In a new work of crime fiction from author Mukoma Wa Ngugi you still have the detective and his buddy, the mysterious body that turns up at the outset, and the crazy bar where the cops and criminals hang out together. Only this time, we're not in Scandinavia, or South Florida or on Mystic River. We're in a Nairobi beset with political violence, hotel bombings and ethnic warfare.
Black Star Nairobi is the second in a series from Ngugi, and he tells weekends on All Things Considered host Jacki Lyden about his own Kenyan and American upbringing, the identity struggles of the novel's protagonist — an African-American detective from Wisconsin, and the inspiration for the violence permeating the story.
On the story taking place during the aftermath of Kenya's 2007 presidential elections
"In this novel I'm driven by the question of violence. In the post-electoral violence of 2007 it was a sort of intimate violence where it was neighbor-against-neighbor — people who knew each other. And there are a lot of questions that arose ... questions of class, the question of the whole democratic process. So I wanted to have characters, you know, who are running around trying to do their case, you know, but all the while being drawn back, you know, by the power, by the powerful nature of the violence that broke out."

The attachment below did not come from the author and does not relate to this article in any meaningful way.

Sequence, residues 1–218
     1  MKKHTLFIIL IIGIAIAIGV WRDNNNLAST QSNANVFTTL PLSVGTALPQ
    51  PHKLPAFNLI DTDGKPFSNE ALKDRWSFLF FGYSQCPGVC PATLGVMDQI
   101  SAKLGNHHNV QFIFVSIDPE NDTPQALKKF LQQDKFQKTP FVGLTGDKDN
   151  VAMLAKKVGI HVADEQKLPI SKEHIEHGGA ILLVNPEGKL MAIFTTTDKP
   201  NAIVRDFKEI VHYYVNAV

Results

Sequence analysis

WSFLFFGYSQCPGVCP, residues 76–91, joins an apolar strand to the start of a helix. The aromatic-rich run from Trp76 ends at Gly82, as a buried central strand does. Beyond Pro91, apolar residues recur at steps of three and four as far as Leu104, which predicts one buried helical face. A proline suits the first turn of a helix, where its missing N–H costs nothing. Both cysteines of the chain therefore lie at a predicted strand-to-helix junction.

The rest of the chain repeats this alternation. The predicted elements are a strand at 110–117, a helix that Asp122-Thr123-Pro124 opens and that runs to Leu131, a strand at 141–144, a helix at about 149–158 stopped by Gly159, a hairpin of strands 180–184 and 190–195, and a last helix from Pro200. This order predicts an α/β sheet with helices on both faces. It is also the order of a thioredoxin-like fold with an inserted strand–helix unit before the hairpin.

On coming to terms with his own identity
"For a very long time I had difficulty, you know, accepting that I was an American citizen because I grew up in Kenya, my parents are Kenyan, my nationality really is Kenyan. And then I came to the U.S. and at some point I had to realize, wow, I've been in the U.S. now longer then I've been in Kenya."
"In a way I do mirror — or maybe Ishmael mirrors — you know, my struggles for identity. Eventually I had to tell myself, 'Who decides a person can have only one identity? Who is the gatekeeper of identity?' And I just decided to acknowledge, to live out, my multiple identities."
On choosing the detective novel genre
"I do have this attraction to the form because with the form you can do so much. Not only can you tell a very, very entertaining story ... but you can explore societal issues. In this case I look at the war on terror, the violence coming from the war on terror, the post-electoral violence. ... It allows you to look at very, very extreme situations, extreme violence, a society just about to explode in a way that I don't think you can do with realist fiction."
JACKI LYDEN, HOST:
In a new work of crime fiction, you still have the detective and his buddy, the mysterious body that turns up at the outset, the crazy bar where the cops and criminals hang out together. Only this time, we're not in Scandinavia or South Florida. We're in Nairobi, beset with political violence, hotel bombings, ethnic warfare.
"Black Star Nairobi" is the second in a series from Mukoma Wa Ngugi. The novel opens with a dead body in a forest and two detectives who arrive to investigate.